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A pill against anxiety


- candidate number22752
- NTR NumberNTR5364
- ISRCTNISRCTN no longer applicable
- Date ISRCTN created
- date ISRCTN requested
- Date Registered NTR16-aug-2015
- Secondary IDsNL42210.018.13 ClinicalTrials.gov identifier: NCT02268357
- Public TitleA pill against anxiety
- Scientific TitleEffects of propranolol on fear of dental extraction: study protocol for a multicenter randomized placebo-controlled trial
- ACRONYM
- hypothesisThe primary aim of this study is to determine whether administration of the active substance (two 40 mg propranolol capsules one hour prior to dental extraction, followed by one 40 mg capsule directly postoperatively) results in a significantly greater reduction of dental trait anxiety in patients with self-reported high to extreme fear in anticipation of dental extraction, compared to the effects of the placebo comparator, from baseline to 4-week follow-up appointment.
To determine whether the use of propranolol in patients with high self-reported levels of fear in anticipation of tooth or molar removal results in:
(1) a significantly greater reduction of self-reported intraoperative (state) anxiety, compared to the placebo comparator, from baseline to 4-week follow-up appointment;
(2) a significantly greater decrease of physiological responding during recall of the crucial fear-related memory in, compared to the placebo comparator, from baseline to 4-week follow-up appointment;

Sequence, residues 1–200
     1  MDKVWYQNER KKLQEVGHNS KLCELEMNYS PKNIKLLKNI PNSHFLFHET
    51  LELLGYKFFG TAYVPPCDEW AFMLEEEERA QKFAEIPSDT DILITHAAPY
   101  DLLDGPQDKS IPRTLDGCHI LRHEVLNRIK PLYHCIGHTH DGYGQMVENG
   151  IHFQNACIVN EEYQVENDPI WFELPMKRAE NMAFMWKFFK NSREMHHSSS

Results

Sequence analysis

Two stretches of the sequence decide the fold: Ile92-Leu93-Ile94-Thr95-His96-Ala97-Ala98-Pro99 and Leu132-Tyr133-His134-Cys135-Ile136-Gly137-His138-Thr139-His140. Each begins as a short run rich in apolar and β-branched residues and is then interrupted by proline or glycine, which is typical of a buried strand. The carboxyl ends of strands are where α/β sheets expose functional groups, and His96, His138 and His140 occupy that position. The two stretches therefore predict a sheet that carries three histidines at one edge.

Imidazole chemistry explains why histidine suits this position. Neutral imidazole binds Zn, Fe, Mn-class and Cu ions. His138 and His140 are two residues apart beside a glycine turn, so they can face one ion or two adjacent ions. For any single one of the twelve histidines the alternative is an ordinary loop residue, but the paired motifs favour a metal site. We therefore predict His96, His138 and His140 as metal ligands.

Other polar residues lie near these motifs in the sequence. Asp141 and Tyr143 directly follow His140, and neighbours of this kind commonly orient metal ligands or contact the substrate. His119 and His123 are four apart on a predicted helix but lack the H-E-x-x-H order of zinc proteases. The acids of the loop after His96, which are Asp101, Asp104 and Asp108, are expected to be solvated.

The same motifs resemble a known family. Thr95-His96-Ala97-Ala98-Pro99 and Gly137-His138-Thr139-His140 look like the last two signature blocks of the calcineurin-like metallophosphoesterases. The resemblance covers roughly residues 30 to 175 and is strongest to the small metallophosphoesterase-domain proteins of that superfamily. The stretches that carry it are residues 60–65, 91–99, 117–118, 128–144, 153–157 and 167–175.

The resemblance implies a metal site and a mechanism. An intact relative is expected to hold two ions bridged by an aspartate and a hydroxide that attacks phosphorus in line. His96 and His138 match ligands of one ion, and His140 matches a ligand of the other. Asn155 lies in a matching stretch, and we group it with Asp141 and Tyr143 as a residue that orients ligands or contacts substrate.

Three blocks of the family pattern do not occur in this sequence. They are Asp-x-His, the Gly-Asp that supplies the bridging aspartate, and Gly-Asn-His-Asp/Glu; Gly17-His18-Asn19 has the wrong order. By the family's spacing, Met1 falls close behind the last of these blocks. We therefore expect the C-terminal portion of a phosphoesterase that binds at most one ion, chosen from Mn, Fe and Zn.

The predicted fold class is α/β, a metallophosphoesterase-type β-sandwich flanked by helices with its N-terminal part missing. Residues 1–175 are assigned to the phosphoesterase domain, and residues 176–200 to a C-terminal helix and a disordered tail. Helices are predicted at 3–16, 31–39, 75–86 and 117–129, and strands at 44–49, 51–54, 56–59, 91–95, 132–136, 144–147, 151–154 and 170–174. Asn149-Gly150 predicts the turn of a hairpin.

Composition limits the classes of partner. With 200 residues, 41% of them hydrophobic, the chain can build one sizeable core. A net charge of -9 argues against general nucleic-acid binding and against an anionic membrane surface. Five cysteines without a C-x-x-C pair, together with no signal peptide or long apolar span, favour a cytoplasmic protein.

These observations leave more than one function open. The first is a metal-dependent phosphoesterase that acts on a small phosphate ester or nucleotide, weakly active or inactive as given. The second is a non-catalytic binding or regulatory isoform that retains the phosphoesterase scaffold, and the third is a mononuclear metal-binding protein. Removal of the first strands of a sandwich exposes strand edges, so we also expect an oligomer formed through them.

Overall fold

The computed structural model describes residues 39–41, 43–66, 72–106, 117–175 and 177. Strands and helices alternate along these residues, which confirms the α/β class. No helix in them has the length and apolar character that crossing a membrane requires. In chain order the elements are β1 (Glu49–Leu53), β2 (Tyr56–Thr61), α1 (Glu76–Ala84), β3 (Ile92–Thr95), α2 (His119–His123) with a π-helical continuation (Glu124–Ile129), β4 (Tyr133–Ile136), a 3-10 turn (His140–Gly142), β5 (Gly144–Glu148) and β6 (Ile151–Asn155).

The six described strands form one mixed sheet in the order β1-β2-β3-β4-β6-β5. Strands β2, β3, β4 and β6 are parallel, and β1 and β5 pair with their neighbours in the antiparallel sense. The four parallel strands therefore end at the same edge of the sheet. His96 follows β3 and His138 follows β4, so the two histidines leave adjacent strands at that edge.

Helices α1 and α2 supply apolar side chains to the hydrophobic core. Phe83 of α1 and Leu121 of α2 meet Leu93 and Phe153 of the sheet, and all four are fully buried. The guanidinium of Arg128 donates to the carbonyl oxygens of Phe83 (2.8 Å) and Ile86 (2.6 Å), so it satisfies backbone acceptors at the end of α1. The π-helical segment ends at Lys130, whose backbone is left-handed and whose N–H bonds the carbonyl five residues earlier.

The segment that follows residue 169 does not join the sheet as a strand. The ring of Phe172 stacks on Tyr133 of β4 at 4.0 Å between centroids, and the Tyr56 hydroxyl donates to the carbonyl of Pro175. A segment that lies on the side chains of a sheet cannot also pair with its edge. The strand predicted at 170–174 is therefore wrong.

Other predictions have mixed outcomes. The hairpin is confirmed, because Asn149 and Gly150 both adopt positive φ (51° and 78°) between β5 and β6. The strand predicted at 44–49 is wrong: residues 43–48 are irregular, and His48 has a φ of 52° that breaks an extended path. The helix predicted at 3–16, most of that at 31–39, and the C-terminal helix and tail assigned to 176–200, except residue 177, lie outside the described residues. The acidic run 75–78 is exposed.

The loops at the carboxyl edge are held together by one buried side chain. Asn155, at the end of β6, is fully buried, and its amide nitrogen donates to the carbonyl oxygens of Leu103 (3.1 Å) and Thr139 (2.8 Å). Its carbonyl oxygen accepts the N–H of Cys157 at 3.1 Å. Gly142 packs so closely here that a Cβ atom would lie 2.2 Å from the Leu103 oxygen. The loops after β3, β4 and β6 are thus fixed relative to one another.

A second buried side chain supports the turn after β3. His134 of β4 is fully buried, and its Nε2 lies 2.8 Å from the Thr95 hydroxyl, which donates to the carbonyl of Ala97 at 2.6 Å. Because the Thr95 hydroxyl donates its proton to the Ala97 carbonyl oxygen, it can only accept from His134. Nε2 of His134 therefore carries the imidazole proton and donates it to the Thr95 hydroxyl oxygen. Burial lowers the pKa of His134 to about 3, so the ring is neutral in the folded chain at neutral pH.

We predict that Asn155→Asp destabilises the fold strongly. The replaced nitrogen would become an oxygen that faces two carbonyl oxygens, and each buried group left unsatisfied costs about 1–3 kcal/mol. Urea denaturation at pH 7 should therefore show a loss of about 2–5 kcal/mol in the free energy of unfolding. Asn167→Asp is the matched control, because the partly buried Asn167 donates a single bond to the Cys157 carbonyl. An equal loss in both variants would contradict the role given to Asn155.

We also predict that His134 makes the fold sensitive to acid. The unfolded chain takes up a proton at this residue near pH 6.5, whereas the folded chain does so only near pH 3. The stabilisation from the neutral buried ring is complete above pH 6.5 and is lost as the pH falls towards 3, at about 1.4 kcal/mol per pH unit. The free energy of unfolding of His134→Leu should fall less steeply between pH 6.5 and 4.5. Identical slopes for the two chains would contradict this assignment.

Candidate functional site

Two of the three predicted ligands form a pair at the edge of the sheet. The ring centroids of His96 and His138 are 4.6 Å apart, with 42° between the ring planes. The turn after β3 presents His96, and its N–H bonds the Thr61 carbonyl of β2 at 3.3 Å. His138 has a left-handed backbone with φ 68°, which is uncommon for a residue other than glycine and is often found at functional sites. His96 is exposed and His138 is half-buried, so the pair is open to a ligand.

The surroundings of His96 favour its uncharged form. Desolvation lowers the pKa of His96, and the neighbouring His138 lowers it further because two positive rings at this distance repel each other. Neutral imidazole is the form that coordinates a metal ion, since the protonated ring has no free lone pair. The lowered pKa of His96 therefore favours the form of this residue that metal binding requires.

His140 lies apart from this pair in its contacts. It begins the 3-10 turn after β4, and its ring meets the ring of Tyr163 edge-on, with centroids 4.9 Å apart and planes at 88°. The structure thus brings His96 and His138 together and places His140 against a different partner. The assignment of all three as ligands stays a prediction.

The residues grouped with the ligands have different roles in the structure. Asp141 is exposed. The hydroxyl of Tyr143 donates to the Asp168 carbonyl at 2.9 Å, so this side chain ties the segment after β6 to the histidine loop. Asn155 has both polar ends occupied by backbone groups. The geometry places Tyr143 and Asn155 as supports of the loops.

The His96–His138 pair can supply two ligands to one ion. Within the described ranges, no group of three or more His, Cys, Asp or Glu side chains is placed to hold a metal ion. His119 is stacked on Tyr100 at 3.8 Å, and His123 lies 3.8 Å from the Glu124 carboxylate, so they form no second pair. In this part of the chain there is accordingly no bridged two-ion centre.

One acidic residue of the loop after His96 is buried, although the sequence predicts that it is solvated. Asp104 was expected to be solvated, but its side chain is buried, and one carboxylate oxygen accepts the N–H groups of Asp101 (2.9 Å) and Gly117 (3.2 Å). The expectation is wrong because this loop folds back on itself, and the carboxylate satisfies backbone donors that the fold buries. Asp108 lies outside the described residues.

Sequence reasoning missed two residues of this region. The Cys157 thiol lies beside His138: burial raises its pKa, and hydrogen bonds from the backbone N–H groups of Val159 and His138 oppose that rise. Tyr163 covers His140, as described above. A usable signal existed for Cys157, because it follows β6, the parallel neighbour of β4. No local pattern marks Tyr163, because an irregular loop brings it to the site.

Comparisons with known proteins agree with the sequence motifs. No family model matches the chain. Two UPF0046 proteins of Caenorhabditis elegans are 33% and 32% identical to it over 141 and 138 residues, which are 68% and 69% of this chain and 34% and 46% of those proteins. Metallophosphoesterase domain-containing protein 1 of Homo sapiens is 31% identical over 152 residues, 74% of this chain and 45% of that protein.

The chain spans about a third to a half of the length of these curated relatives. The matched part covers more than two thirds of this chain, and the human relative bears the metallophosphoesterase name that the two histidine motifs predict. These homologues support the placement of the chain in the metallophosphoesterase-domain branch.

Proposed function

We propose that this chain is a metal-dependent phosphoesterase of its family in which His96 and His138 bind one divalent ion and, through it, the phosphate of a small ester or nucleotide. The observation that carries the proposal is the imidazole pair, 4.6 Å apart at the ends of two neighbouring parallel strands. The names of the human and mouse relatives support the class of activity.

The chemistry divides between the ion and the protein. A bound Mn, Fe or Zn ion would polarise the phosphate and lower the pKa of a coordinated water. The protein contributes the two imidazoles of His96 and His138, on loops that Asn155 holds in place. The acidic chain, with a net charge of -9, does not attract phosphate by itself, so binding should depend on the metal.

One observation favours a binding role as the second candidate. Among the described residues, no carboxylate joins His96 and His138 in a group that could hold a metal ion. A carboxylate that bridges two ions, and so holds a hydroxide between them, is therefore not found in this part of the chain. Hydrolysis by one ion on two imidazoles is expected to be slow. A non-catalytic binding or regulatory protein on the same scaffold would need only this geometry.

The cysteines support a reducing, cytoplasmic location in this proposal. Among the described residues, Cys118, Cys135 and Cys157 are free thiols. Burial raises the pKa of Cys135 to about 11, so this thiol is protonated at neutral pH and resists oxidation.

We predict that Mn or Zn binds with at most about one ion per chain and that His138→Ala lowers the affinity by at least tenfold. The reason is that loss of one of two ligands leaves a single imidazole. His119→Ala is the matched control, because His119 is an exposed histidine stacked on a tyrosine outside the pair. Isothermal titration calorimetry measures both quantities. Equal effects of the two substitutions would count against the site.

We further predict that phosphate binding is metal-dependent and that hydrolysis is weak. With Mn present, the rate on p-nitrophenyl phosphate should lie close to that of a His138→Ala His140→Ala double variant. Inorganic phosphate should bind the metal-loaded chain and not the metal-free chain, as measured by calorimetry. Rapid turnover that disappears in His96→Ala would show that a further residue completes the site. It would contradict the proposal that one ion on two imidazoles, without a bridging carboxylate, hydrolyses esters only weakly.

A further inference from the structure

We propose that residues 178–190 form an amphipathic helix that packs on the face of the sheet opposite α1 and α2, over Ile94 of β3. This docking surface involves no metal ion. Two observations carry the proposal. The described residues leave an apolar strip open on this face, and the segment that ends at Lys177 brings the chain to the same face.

(3); a significantly greater loss of specific phobia diagnoses, compared to the placebo comparator, from baseline to 4-week follow-up appointment;
(4) a significantly greater reduction of self-reported vividness and emotional charge of the crucial fear-related memory scores, compared to the placebo comparator, from baseline to 4-week follow-up appointment.
- Healt Condition(s) or Problem(s) studiedDental phobia, Fear of dental extractions
- Inclusion criteria1. Signed written informed consent
2. Minimum age of 18 years on entry to the study
3. Self-reported high to extreme fear of tooth or molar removal
4. Dutch or English-speaking
- Exclusion criteria1. Asthma or other obstructive pulmonary disease
2. Cardiac failure
3. Cardiac arrythmia
4. Renal failure
5. Insulin-dependent diabetes mellitus
6. Pregnant or breast-feeding
7. Current use of another ß-adrenoreceptor antagonist
8. Current use of anxyiolytic or antidepressant medication
9. Currently in psychotherapy for dental anxiety
10. Systolic blood pressure < 100 mmHg
- mec approval receivedyes
- multicenter trialyes
- randomisedyes
- masking/blindingDouble
- controlPlacebo
- groupParallel
- Type2 or more arms, randomized
- Studytypeintervention
- planned startdate 11-nov-2014
- planned closingdate12-dec-2018
- Target number of participants34
- InterventionsTwo 40 mg propranolol capsules one hour prior to a dental extraction, followed by one 40 mg capsule directly postoperatively.
Comparator: Placebo capsules.
- Primary outcomeDental trait anxiety score reduction from baseline to 4-weeks follow-up.
- Secondary outcomeSelf-reported anxiety during surgery; physiological parameters (heart rate and blood pressure) during recall of the crucial fear-related memory; self-reported vividness and emotional charge of the crucial fear-related memory.
- Timepointst=0 screening
t=1 first dental extraction procedure
t=2 follow up: second dental extraction procedure 4 weeks later
- Trial web site
- statusopen: patient inclusion
- CONTACT FOR PUBLIC QUERIES Serge A Steenen